HUBBARD COMMUNICATIONS OFFICE
Saint Hill Manor, East Grinstead, Sussex
HCO BULLETIN OF 28 JANUARY 19661
All students Level
(Edited from a taped Conference with Saint Hill Tech and Qual Personnel —20 Dec 1965)
SEARCH AND DISCOVERY DATA HOW A SUPPRESSIVE BECOMES ONE
Search and Discovery is being made and auditors are finding on one person and another “Myself”. Well, just amongst us girls, of course, you are going to find it. One of the best reasons you are going to find it is that it is part of the R6 bank. The other reason you are going to find it is that after a person is totally overwhelmed by a Suppressive he assumes the valence of the Suppressive. And a person you would find that on has actually been pretty suppressive.
What you’re doing is, you are pushing S & D to a point where you are clearing suppression. It wasn’t intended to go that far.
If you were to ask the listing question however, “Name ‘Myself’“ or “Give ‘Myself’ a name”, you would then get the Suppressive.
But this is getting very adventurous, because it is part of the R6 bank. It is getting very adventurous to do anything about it. We seem to be happy about having “Myself”. I would just let them go right on being happy about it. With skill you probably could bring out the identity of this person whose valence had come over them. It would all depend on the auditor who is doing it. If I were doing it, I’d go ahead and break it down. But not a Class III auditor who is not sure what he is going up against, who is repeating the word several times, repeating the question, trying to check it to make sure the listing question is clean. Don’t you see, you are never going to get that listing question clean. That I assure you. That question can’t be listed out.
That is the mechanism of suppression overwhelming a person. Oddly enough you will only find it on persons who are suppressive and of course you’ve walked into the real mechanism of how does a Suppressive become a Suppressive? He becomes a Suppressive by taking over the valence of a Suppressive.
Then when you list it out you get “Myself” and this is compounded by the fact that it’s part of the R6 bank so you don’t dare do much with it but it will let a bunch of steam off the case.
With some very, very, very, very upstage auditing, very careful indeed, give them the auditing question once, then say, “Go on and answer the question” but never repeat it, never check the thing to find out if it’s a clean list—you probably would get at least one recent SP out of that combination. How we do that at that stage when I’ve not worked with it technically I would not be able to tell you, but I just know that it would be very risky. It makes me feel like maybe I shouldn’t do anything about it at all because it’s too risky, but I can see somebody getting messed up.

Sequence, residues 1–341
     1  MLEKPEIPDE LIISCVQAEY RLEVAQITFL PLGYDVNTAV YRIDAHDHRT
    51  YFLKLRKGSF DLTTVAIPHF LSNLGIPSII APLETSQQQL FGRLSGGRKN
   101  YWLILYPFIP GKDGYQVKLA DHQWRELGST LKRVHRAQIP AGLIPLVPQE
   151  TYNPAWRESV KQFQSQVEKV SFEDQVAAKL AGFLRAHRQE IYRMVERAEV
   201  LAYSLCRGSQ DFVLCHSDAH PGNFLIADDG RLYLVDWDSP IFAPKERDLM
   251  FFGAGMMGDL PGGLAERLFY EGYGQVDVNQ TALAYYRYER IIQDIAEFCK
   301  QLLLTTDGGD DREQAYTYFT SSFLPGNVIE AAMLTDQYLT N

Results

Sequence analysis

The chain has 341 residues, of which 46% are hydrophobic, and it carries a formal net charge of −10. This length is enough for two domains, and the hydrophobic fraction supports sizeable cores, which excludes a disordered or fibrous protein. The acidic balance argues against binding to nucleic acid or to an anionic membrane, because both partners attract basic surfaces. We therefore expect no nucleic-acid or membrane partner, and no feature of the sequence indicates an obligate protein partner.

THE MAIN TROUBLE IN S & D
Your main trouble in S & D is much worse than that—it is simply an inability to assess. And auditors since time immemorial have had trouble assessing. They have two troubles in assessing. They underlist and they overlist. It’s almost an accident that an auditor ever lists the right lists the right way. I’m not saying that sarcastically but it has been my experience in teaching auditors to assess that they have two faults, they underlist and they overlist.
If they do either one of these things, they are going to ARC Break the pc and then the list isn’t going to be nullable because the pc is not responding to the auditor’s voice as well, and it quite often was the first one on the list which is where they never looked. More fundamental than that is simply the problem of reading an E-Meter.
Those technical facts are in the road of S & D.
ASSESSING AN S & D
Actually an auditor who can assess can pass off an S & D so fast it would be like dealing cards done by a Monte Carlo Vingt-et-Un player; he could just roll them off left, right and centre. There’s no real trouble in it. It’s a very fast action. It all depends on how much you want to keep the pc under tension in the action, because an assessment isn’t auditing to begin with.